I had some drunk calling me several times a week on my cell phone. I finally complained to the phone compan, and they said they couldn't do anything about it except give me a new number. I said that was the stupidest and most unreasonable thing I'd ever heard from a company in a competetive business.

I noticed, however, that the calls stopped immediately.

25 posted on 08/31/2004 5:55:56 PM PDT by js1138 (Speedy architect of perfect labyrinths.)
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To: Larry Lucido

She looks very intellegent and has very nice teeth.
(Just spoke those very words to she who must be obeyed)


26 posted on 08/31/2004 5:56:54 PM PDT by TexasTransplant (I made my Fortune selling Sugar Coated Cat Turds on a Stick at the DNC Convention)
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To: wjersey

Great.
So this company will let perverts call women listed in the phonebook and by pass their caller ID?


27 posted on 08/31/2004 5:58:08 PM PDT by Happygal (liberalism - a narrow tribal outlook largely founded on class prejudice)
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To: TexasTransplant
Well, let's see if I can get you in more trouble with the "one who must be obeyed."

Nice, um, fingernails.

(Now, what was this thread about again?)

28 posted on 08/31/2004 6:00:27 PM PDT by Larry Lucido
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To: ProudVet77; LibreOuMort
Caught a new trick about a week ago. A company left a message on my cell phone, which when I listened to it called the company back. They had encoded the dialing codes into their message to me. What ticks me off is that I will be charged for the call.

LibreOuMort, time to get with our rep and write a new bill!!

ProudVet77, could you explain this in more detail? Surely your phone didn't dial from DTMF received in the message? Or did it?

29 posted on 08/31/2004 6:00:47 PM PDT by sionnsar (Iran Azadi ||| Resource for Traditional Anglicans: trad-anglican.faithweb.com)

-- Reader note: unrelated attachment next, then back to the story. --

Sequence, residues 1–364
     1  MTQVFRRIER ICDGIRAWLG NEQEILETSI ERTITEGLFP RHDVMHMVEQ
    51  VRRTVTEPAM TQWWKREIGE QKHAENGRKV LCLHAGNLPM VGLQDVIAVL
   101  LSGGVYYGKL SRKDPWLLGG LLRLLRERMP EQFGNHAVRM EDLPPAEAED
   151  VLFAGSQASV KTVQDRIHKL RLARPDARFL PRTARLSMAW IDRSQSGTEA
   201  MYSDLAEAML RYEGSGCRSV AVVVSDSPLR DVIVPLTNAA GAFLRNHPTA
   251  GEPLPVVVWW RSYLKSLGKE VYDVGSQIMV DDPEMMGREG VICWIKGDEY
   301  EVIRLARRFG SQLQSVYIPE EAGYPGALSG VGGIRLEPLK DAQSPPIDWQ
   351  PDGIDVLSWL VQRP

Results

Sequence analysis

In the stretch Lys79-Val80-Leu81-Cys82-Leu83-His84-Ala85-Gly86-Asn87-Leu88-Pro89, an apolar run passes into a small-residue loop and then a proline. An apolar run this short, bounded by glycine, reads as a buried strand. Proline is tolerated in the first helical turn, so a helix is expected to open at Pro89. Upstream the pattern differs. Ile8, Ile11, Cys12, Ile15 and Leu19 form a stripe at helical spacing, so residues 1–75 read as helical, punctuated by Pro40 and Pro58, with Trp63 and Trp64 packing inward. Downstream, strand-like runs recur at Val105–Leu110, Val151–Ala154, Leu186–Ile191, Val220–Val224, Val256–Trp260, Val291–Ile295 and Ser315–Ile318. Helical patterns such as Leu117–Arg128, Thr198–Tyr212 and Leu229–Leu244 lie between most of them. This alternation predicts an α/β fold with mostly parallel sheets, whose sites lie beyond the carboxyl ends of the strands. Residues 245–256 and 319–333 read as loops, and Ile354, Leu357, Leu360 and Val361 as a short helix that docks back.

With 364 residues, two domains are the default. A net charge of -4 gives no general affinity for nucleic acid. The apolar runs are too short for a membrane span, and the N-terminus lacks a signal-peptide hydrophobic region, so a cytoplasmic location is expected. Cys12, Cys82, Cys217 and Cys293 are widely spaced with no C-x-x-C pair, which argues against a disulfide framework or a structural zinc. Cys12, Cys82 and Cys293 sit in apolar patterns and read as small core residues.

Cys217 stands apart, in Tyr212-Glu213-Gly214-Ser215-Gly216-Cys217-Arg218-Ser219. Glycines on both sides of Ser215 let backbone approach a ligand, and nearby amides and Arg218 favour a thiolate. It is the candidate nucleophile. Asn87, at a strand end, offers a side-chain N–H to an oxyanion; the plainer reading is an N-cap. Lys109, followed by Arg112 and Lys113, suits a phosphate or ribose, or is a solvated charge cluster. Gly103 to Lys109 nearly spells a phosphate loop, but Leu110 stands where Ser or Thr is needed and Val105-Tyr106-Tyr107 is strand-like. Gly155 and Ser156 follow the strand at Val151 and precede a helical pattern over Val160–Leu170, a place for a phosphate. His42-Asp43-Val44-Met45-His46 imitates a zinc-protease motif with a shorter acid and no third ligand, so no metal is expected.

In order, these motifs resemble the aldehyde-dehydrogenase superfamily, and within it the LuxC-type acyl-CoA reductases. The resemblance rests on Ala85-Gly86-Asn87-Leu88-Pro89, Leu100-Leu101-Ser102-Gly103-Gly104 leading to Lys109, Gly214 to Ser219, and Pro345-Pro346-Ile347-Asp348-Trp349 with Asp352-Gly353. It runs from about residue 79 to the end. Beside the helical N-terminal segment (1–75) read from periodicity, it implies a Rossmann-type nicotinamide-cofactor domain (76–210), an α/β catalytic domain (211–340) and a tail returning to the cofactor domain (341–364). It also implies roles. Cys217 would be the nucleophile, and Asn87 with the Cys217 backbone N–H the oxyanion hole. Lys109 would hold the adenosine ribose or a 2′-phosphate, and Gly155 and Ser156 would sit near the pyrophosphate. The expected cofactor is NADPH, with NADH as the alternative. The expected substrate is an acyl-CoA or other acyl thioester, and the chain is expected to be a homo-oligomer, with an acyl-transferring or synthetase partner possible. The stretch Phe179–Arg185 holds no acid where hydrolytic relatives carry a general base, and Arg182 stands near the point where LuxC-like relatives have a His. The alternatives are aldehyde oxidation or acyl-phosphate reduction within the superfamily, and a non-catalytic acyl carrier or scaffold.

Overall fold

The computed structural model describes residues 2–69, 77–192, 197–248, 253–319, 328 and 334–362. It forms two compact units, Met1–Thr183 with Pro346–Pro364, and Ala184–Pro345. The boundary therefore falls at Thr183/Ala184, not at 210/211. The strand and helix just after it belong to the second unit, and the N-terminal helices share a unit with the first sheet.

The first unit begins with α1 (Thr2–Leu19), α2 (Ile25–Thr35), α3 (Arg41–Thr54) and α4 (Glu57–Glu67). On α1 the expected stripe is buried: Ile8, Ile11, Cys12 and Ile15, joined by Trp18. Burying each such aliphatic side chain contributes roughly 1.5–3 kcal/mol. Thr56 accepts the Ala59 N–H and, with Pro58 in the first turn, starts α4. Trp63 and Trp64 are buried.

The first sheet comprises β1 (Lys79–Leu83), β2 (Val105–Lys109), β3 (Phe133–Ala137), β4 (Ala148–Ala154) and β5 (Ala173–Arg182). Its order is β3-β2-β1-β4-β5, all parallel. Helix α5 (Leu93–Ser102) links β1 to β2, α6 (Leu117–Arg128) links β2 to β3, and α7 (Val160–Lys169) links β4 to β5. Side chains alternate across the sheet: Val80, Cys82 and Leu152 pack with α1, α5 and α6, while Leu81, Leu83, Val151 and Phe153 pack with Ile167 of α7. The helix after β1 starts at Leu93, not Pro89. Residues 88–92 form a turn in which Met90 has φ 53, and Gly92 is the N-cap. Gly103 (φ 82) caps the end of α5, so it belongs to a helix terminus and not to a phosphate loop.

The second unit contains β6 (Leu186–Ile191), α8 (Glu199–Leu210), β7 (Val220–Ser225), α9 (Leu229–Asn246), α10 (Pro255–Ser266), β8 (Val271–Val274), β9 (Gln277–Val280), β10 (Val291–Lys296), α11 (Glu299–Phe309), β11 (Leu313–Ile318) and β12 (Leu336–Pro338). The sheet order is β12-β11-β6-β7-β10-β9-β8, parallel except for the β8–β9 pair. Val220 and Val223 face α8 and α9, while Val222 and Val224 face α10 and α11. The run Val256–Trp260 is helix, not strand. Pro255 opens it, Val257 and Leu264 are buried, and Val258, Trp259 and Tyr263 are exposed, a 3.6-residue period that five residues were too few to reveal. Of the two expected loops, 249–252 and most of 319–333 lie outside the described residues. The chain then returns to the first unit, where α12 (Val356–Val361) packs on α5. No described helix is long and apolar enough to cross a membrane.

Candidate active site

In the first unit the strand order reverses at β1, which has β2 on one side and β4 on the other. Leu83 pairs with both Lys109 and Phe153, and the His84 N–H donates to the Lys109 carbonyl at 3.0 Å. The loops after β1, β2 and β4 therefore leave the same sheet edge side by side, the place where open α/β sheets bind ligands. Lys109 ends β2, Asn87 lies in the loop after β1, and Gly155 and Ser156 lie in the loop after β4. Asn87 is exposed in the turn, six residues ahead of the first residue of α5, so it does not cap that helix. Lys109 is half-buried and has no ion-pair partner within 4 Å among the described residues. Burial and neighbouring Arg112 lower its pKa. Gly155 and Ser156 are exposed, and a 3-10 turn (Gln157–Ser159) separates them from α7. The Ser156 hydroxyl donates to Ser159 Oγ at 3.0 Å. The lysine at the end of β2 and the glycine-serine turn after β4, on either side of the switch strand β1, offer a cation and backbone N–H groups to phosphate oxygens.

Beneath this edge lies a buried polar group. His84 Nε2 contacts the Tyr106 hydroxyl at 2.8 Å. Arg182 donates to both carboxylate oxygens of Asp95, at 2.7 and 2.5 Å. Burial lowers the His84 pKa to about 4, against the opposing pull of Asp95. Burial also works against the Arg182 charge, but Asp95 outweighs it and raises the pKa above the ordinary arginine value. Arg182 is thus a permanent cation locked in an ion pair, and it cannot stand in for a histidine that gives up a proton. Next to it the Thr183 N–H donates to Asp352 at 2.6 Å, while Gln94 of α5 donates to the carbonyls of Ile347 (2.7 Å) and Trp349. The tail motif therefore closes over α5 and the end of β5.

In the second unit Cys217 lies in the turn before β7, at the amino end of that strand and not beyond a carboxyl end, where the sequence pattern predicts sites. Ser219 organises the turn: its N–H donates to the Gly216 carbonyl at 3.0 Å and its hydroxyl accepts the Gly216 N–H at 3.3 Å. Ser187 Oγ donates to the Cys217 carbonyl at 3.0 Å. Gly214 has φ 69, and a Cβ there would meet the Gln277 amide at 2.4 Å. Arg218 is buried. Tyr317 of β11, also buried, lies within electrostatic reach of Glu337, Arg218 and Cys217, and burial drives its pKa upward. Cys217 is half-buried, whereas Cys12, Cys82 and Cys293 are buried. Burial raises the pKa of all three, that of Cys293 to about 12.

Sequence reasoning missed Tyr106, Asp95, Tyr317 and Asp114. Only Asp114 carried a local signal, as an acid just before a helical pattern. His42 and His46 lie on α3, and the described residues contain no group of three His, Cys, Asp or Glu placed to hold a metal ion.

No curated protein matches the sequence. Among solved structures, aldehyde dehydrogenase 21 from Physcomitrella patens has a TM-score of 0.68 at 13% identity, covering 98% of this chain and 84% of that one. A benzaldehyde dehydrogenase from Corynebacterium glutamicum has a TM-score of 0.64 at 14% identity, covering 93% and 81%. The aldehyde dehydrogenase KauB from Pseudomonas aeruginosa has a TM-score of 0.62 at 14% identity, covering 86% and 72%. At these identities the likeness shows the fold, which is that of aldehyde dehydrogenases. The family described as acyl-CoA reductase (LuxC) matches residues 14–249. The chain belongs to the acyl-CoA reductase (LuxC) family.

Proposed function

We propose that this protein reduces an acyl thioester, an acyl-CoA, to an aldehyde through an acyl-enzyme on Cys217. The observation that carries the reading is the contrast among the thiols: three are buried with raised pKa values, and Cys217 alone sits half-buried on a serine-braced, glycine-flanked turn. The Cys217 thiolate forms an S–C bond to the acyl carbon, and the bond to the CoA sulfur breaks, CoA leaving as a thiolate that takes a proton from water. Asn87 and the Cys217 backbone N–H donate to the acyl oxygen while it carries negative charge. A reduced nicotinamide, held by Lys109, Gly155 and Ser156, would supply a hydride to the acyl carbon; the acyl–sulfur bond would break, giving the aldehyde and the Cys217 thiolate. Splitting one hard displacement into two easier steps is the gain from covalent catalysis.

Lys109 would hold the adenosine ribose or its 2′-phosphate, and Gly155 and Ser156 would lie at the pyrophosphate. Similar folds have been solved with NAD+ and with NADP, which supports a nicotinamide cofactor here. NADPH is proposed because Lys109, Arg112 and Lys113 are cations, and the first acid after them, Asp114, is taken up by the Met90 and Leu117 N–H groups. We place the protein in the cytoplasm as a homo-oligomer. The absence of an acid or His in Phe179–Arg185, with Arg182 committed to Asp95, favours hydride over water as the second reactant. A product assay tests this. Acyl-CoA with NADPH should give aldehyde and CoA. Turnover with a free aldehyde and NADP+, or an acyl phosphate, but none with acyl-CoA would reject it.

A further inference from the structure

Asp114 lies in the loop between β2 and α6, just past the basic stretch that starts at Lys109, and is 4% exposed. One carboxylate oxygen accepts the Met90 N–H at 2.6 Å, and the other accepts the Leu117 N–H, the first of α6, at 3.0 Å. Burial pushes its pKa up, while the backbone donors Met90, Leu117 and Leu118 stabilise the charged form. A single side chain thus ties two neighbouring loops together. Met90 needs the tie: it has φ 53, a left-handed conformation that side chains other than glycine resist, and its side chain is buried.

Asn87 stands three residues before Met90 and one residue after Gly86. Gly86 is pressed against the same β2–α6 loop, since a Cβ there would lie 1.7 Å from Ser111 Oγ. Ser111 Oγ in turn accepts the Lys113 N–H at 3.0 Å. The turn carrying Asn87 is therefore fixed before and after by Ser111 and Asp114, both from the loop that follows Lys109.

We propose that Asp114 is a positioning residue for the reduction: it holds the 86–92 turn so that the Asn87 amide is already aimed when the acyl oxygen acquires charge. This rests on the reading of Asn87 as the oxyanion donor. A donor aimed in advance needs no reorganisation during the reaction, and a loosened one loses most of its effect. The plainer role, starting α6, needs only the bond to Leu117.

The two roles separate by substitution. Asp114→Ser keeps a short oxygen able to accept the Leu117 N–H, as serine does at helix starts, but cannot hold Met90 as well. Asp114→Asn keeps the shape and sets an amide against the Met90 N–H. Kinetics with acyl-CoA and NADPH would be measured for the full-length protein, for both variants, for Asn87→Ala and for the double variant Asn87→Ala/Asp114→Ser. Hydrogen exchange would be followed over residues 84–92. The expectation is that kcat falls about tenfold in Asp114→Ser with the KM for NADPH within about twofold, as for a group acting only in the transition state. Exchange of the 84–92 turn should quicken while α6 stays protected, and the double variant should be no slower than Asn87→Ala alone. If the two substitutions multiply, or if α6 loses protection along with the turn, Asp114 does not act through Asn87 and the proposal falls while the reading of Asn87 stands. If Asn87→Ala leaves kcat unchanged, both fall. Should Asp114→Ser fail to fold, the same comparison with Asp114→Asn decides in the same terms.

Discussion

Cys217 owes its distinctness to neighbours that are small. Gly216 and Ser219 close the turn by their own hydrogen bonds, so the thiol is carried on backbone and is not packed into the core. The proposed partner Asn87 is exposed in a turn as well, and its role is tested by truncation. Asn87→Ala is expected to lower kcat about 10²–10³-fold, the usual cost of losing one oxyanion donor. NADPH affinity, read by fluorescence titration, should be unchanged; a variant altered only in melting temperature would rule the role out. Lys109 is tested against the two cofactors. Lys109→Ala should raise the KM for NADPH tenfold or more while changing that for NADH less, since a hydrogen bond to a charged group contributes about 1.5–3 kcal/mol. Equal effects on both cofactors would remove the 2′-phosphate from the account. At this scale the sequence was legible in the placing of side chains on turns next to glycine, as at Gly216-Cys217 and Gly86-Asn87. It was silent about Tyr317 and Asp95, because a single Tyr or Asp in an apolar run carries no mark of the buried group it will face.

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To: Larry Lucido
Great, you just missed a call from Miss Delaware.

#1. Miss Delaware isn't going to be calling me.
#2. If she did and got through, I'd have lots of 'splainin' to do to the lovely, intelligent, well-educated, and far more mature Mrs. Sionnsar.

30 posted on 08/31/2004 6:04:43 PM PDT by sionnsar (Iran Azadi ||| Resource for Traditional Anglicans: trad-anglican.faithweb.com)
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To: sionnsar

Nope. The message was one of several on my cell phone. As I was listening to and deleting the messages, all of a sudden I was talking to someone. She did not expect to hear from me, and neither did I expect to hear her.
From what I can tell (I'm an IT type) they had imbedded the call codes in the message.
I knew that could be done on a regular phone, the phone company makes a call based on tones. Apparently, and it makes sense to me know, the call codes on a cell phone are silent.


31 posted on 08/31/2004 6:09:31 PM PDT by ProudVet77 (Proud to be a FReeper)
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To: cyborg

there all elective...my local service is 11.75 a month no buttons and bells just plain old dial tone...


32 posted on 08/31/2004 6:12:11 PM PDT by CGASMIA68
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To: Political Junkie Too
This sounds like just another setup for more fees. After they deploy the Star38 product, the phone companies will offer, for a fee, the Star38 Override feature on home phones.